Sunday, 19 June 2011

Arcola Theatre: Hertford Castle – trips by train.

On a visit to the British Library I joined a discussion at a Growing Knowledge presentation.  The theme of the series is serendipity and the British Library has a visionary look at the future (excuse the tautology) and a historian’s view of previous serendipity.  I heard about ‘crowd sourcing’ and ‘crowd verification’.  I think as a blind person we might have a different aspect on crowd verification.  One train conductor told me to triple check platform announcements and timings and if you’re not sighted you may find yourself being triangulated away from the truth by what is technically known as a ‘duff’ piece if information. 

Serendipity # 1

Arcola theatre – The Seagull by Chekhov 18th June

The Arcola Theatre is located very near two London Overground stations: Dalston Kingsland and Dalston Junction.  There are pedestrian crossings near each station and the accessibility at Dalston Junction is excellent.  Accessibility on the Overground has been improved. 

I went to a matinee of The Seagull by Chekhov.  There are concessions and this applies to someone going with you as well.  The performance cost £11 per seat (reduced from £17).

I mentioned Chekhov in a previous post in connection with The Cherry Orchard, which I am going to see at the National Theatre next month (with touch tour and audio description).  I had a seat right at the front of the Arcola Theatre and there is virtually 180 degree audio sound from left ear to right ear, and a ‘balcony’ vignette, so there is above the sound line ‘noises’ and a dramatic finale which I will not spoil. 

This is a superb production and you almost feel as if you’re included in the drama.  The plot is complex with a play within a play and some ‘lampooning’ of actors and the performance is really slick.  There is a lot of material about the production on the Arcola Theatre website and reviews of this production are also available.

I would certainly recommend that anyone within striking distance of the London Overground, i.e. from Clapham Junction, Richmond, Watford, Barking and West Croydon (sorry if I’ve left someone out) could feel safe in attending this excellent production.  Yes – I forgot Stratford! 

The theatre crew are very welcoming and though I went with a friend I would feel safe going back there on my own. 

Serendipity # 2

Hertford – afternoon trip by train

A trip I can remember taking when I was sighted was to Hertford East from Liverpool St returning from Hertford North to Kings Cross.  The geographers among you will note that this is anti-clockwise and there is probably a good reason for doing it this way.  I hadn’t been to Liverpool St since I lost my sight and I went there on my own, having intended to go to Whitechapel but changed my mind.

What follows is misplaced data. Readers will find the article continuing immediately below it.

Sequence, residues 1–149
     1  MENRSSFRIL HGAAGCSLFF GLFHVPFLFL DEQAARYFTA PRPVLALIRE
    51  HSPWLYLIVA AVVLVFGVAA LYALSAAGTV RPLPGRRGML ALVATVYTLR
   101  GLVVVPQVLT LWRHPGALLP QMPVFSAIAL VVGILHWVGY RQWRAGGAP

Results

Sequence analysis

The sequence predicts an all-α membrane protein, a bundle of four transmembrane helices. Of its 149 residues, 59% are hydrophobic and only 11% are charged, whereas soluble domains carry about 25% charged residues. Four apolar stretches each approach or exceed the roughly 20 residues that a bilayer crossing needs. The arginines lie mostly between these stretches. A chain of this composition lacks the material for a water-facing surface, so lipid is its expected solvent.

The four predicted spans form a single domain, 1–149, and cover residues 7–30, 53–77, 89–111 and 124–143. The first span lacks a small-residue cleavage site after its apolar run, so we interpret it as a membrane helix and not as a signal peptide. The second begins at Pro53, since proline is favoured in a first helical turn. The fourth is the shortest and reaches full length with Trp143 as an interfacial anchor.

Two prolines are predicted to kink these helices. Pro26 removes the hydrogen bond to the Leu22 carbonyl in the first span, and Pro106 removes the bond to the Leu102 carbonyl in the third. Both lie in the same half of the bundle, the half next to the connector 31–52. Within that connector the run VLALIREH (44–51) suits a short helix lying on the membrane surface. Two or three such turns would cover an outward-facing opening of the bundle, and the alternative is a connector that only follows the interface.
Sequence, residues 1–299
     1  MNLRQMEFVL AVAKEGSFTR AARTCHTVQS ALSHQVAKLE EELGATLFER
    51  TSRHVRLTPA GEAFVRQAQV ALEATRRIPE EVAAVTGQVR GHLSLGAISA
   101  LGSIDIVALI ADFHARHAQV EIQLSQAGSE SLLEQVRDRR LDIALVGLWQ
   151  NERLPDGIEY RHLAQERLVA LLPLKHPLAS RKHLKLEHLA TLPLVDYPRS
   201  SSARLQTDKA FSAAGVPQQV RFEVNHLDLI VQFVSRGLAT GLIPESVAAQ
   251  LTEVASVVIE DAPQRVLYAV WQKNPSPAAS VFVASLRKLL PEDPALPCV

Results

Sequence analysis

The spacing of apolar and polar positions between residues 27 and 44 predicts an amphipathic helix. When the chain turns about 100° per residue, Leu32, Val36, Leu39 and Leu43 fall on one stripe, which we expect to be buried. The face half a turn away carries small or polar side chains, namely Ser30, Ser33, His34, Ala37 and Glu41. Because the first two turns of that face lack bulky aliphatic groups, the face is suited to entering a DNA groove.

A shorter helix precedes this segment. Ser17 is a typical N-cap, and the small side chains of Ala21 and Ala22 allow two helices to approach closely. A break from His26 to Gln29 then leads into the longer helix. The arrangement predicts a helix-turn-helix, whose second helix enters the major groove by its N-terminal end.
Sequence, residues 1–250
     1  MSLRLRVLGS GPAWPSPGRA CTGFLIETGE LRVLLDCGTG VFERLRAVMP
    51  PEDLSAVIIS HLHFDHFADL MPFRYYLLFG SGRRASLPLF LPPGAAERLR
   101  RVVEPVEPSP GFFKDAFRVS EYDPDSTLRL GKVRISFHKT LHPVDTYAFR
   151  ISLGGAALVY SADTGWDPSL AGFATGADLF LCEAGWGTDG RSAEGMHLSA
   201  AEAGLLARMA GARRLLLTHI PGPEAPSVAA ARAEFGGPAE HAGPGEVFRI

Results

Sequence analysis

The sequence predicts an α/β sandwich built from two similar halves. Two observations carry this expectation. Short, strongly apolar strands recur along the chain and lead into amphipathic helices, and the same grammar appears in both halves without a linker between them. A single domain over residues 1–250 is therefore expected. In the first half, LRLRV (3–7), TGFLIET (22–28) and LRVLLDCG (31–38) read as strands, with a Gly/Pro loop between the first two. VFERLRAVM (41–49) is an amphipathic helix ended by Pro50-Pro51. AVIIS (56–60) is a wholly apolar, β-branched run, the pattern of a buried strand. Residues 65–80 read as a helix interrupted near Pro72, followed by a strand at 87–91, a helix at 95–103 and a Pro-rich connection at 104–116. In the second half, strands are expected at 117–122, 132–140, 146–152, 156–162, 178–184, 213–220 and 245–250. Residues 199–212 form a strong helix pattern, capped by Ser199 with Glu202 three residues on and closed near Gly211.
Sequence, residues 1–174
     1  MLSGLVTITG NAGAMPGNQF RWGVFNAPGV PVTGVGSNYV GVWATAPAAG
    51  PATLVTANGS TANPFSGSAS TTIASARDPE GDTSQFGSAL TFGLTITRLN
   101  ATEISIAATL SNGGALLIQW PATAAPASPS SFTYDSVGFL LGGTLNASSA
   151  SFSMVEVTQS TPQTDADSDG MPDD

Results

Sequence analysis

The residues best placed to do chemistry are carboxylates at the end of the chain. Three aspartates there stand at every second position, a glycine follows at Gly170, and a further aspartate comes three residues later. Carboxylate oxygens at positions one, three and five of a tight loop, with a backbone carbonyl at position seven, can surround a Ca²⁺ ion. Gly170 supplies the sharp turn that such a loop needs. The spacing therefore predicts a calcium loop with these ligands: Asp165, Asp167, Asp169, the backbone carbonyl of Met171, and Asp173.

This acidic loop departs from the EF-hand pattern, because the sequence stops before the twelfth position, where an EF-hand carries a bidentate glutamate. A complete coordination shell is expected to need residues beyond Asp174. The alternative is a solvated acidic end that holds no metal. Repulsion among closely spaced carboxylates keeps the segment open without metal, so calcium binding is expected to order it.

The station concourse at Liverpool St is a bit of an obstacle course with many international passengers heading to Stansted Airport.  There is quite a large ticket office with a ‘maze’ entry system, which you might have to navigate your way round.  The staff were friendly and I got a ticket from Boundary Zone 6 to Hertford stations - £3.30 with a Freedom Pass plus a Disability Railcard.  This means you can go into one station and visit most of the town centre and leave from another station. 

Hertford East has a helpful ticket office and a helpful member of staff, so I got directions to the town centre.  I found the museum, though it was closed.  I had a coffee and got directions to Hertford Castle, which was having an Open Day.  This was a real treat and I was taken round the castle, which has a long history.  There is a video with an excellent soundtrack outlining the story of the castle through the ages until it was presented by the Cecil family to the town in 1912.  (I think) 

The Friends of Hertford Castle were very enthusiastic and they were all informative and there is quite a lot of interest to those with limited sight.  Ask to experience the herring bone brickwork in the Council Chamber and a five-pointed star (you have to negotiate a spiral staircase, which is fun) and there are also other rooms on show and a trip to the cellars.  During the Open Day I met some of the staff from the Tourist Office and they have a nice selection of souvenirs, and I bought a couple of books – though I’m not sure when I’ll get them read. 

The castle is in a beautiful park and the town itself is fairly compact with good pedestrian access and tactile crossings.  Directions to ask are the following landmarks which might be useful in planning your visit and finding your way round: museum, castle, Hertford Theatre, Hertford North and Hertford Hospital.  Everyone I asked was happy to help, including the lady in a clothes shop when I got lost.  People are really helpful in shops if you head for the till. 

One of the friends of Hertford Castle is a fellow ‘railway enthusiast’ and I managed to share tales of the London Overground with Alan - a big thank you for taking me and telling me about the way to Hertford North.

Tip: There are stairs at Hertford North and the service is run by First Capital Connect (minimal announcements).  If you exit at Kings Cross, I would follow the flow to the ticket barrier and turn right heading for St Pancras.  There is too much construction at Kings Cross and if you’re concerned about the stairs, it is flat from Hertford East – though you might have to negotiate Liverpool St. 

For railway enthusiasts this is a tale of three termini and two Hertford stations.  Hertford is one of those towns near London which is relatively easy to get to in the same way that St Albans and Tonbridge are.  You can go one route and come back another, and Hertford is also accessible from Seven Sisters and Finsbury Park with other connections to London Underground.